For those of use who've had a long, dry, hot summer, this month is like the beginning of spring. Nights cool down. Humidity gives way to gentle dry winds, And the plants in the garden are either refreshed or just done.  Here's what we can do.

  1. Cut down those plants that have stopped producing and throw the non-diseased items into the compost. Leave the roots to rot down and feed the soil.
  2. Put in cold weather crops, like broccoli starts, cauliflower, cabbage, Brussel Sprouts, and fennel. Cover with row cover fabric or netting to protect against the cabbage moth.  Also reseed root crops like carrot, turnip, beet, rutabaga.
  3. Get set for some nice, crunchy, sweet lettuce and greens. Remember red kale, radicchio, mustard greens and arugula.  Either direct seed or start indoors. Spinach will often overwinter if you mulch it heavily after the first frost.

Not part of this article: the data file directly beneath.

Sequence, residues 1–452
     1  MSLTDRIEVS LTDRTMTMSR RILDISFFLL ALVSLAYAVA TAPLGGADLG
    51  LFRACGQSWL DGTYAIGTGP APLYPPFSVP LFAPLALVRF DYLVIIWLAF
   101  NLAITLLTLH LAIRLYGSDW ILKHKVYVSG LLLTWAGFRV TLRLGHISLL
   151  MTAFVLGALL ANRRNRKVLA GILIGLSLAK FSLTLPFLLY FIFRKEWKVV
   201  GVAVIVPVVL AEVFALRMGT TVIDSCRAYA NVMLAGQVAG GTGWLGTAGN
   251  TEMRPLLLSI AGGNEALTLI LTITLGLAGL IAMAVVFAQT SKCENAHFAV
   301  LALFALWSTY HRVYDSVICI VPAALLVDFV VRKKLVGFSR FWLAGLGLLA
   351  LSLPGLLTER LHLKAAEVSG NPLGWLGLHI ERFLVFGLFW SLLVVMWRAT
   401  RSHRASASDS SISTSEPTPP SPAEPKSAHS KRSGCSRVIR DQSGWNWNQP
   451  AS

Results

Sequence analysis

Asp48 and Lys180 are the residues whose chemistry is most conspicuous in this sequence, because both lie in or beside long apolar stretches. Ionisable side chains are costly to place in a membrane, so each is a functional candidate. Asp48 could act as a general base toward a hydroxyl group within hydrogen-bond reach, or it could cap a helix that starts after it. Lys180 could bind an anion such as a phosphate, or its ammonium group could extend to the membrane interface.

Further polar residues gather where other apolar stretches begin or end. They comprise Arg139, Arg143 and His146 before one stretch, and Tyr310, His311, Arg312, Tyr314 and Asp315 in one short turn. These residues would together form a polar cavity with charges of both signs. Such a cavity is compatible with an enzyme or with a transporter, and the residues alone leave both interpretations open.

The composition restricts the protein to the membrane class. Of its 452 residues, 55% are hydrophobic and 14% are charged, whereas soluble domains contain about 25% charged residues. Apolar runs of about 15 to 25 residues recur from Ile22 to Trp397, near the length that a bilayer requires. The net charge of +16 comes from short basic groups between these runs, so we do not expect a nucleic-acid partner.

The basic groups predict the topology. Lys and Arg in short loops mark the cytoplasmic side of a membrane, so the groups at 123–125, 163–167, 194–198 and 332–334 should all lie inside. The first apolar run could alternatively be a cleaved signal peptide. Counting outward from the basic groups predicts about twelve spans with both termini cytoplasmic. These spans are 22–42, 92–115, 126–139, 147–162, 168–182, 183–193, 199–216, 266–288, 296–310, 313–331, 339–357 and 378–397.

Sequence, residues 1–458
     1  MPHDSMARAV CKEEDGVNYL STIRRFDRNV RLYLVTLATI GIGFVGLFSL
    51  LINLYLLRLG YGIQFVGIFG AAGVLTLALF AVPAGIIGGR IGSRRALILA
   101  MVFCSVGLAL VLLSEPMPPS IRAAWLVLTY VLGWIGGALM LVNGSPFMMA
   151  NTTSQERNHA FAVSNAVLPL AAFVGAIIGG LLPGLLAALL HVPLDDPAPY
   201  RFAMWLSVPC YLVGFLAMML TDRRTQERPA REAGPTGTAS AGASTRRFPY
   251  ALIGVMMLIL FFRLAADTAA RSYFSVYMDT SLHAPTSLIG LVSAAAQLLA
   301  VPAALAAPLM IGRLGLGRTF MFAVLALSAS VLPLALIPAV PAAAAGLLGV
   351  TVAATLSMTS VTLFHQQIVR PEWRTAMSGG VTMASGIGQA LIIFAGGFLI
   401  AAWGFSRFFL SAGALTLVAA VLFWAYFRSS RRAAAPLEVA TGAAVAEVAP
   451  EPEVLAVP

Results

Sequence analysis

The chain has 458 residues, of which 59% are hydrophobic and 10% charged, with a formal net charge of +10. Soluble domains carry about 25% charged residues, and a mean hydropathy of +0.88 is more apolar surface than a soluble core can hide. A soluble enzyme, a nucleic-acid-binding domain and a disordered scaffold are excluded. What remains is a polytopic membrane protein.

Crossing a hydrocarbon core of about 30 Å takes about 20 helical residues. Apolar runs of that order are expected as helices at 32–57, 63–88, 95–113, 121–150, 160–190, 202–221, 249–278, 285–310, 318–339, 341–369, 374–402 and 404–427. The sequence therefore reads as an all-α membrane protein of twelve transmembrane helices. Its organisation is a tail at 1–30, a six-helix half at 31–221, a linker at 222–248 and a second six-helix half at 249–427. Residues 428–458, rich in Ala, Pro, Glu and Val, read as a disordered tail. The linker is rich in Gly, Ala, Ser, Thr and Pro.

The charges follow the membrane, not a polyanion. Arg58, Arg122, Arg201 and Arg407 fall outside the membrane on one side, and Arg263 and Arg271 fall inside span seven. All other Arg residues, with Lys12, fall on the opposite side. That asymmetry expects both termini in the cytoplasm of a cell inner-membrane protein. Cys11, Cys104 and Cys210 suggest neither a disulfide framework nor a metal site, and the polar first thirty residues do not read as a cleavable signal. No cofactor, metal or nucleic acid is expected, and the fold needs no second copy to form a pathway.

4. Check the rinds of winter squash to see if they are ready. If you can get your thump nail to dent it, it needs more time. 
  5. Cut down the corn stalks and allow them to dry thoroughly in the sun. These will be wonderful fall decoration to add to lamp posts and fence lines.
  6. Plant zinnia starts and pinch back the first two leaves so it will branch out and give extra blooms. Add sunflowers to the mix, as well as warm colored cosmos.  Consider cold hardy annuals, which will come back in the spring. Think calendula, bachelor buttons, sweet alyssum, bishops lace, or larkspur. There are many more.
  7. Direct seed more bush wax and green beans. They'll be quick to give a crop. 
  8. If you have 60 days or so, try snow peas again. 
  9. If you have started a fall crop of onions for overwintering, put them in.
  10. Harvest bunches of herbs while you still can. Parsley freezes perfectly. Basil, mint, thyme, sage and rosemary can be dehydrated,  
  11. Preserve everything you can by freezing, dehydrating or canning.